Cannabis in its final market form is commonly tested for microbial contamination, heavy metals, pesticides, and mycotoxins, as well as for residual solvents in extracted products. Interestingly, cannabis has a strong tendency to bioaccumulate compounds present in the water, and soil or other growing media, in its environment. Testing these inputs before their introduction to the crop is good practice to screen out any products containing off-label pesticides, heavy metal contamination, or extremely high concentrations of mycelium, mycotoxins, or soil bacteria that could contribute to downstream final product batch failures.
With the current state of supply chain uncertainty, manufacturers may have trouble maintaining the exact ingredients they used previously. It’s now especially important to test each new lot or at least test periodically. For example, if a peat moss vendor switches sources and the new harvest source has trace levels of cadmium, the cannabis flower may bioaccumulate this element over the months-long growth cycle, and then test over the limit during final 3rd-party laboratory analysis for market compliance. Furthermore, some materials sourced from overseas and used in post-harvest processing of cannabis can pose a risk of heavy metals introduction, and should be tested before use if they will be in physical contact with the finished product bound for market shelves.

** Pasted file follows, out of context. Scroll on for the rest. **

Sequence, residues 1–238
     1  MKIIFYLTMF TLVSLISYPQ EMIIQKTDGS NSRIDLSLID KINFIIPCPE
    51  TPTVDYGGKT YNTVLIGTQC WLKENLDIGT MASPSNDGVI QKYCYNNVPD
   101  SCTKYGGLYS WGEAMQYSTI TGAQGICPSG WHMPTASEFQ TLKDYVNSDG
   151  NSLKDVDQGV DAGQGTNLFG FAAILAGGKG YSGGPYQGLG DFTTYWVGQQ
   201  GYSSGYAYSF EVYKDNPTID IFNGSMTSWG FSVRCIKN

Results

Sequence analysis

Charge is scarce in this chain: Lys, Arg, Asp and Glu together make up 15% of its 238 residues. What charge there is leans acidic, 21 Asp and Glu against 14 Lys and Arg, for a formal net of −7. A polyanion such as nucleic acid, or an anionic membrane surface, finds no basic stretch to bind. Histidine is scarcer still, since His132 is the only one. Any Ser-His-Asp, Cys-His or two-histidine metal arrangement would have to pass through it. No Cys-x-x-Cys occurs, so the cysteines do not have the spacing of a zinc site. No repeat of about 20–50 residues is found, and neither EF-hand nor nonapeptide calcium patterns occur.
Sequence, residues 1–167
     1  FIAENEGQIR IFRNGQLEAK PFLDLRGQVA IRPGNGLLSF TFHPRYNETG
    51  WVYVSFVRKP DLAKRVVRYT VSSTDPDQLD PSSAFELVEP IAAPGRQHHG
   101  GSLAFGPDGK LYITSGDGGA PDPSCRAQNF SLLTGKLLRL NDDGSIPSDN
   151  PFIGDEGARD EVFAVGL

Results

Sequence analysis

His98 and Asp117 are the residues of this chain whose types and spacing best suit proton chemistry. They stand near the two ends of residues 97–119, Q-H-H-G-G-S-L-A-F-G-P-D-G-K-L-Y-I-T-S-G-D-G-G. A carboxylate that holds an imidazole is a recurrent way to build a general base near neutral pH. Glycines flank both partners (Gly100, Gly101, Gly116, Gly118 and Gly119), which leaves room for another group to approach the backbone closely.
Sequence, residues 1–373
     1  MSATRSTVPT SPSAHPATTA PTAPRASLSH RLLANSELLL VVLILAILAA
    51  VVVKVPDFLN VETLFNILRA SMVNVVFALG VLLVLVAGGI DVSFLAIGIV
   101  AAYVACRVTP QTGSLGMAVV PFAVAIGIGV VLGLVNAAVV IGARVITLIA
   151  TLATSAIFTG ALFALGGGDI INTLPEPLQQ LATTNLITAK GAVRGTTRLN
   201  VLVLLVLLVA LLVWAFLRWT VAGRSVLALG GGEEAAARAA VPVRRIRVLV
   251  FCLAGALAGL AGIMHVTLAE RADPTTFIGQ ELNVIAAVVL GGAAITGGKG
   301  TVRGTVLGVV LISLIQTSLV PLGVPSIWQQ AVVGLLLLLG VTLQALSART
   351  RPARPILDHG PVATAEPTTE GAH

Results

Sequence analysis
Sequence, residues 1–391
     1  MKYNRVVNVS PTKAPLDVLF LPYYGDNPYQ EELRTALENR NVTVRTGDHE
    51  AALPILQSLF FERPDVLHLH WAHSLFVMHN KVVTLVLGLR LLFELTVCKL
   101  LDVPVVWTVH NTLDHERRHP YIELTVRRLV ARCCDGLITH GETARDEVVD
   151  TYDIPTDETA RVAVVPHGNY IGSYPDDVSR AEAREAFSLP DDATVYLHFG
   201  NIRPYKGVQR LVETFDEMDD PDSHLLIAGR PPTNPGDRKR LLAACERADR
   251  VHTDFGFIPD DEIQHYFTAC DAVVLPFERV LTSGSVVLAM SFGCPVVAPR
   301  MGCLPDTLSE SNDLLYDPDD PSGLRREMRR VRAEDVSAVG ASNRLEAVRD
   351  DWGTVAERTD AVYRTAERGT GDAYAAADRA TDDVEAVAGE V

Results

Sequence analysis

Quarantine the Introduction of Clones
Introduction of foreign plants to the facility is always a risk. Plan for a physical quarantine-specific space for new plants entering the facility, completely isolated from all vegetative, flowering, and mother plant rooms. Upon entry or as soon as possible thereafter, test the immature plant tissue for the presence of powdery mildew, pests such as mites, infections including hop latent viroid, and other cannabis-specific plant pathogens that can decimate the crop. Juvenile plants can be released from quarantine after test results are shown to be negative.
Opportunities for mechanical transfer of pests from one plant to another should be closely scrutinized to avoid the spread of infection that may otherwise be confined to a single room. When using tools to prune or cut clones, it is imperative that the tool is clean before use on the next batch of plants. At the very least, clearly marked tools should be strictly dedicated to the mother plants and never allowed to be used elsewhere in the grow.
Mitigating Failure Risks – Identify Your Inputs and In-Process Critical Control Points
Across all inputs and processes, it’s important to identify and monitor the critical control points which could lead to downstream out-of-specification events such as testing batch failures or other problems with quality such as lowered potency.
Inputs including water, soil mix and other growth media, and nutrients are good targets for a monitoring regime since they have such a large potential to affect downstream qualities of the plant.
Nutrient reservoirs and feed lines can harbor microbial growth, therefore cleaning procedures and monitoring of regrowth to inform frequency of cleaning is good practice for keeping microbial loads in check.
Introducing new genetics or immature plant stock are potential vectors for transfer of disease to the grow. Appropriate quarantine processes should be adhered to without exception. Tools (pruning shears and other items used during the vegetative and flowering stages) should be segregated to specific stages of the grow, never comingled, and routinely sanitized after use.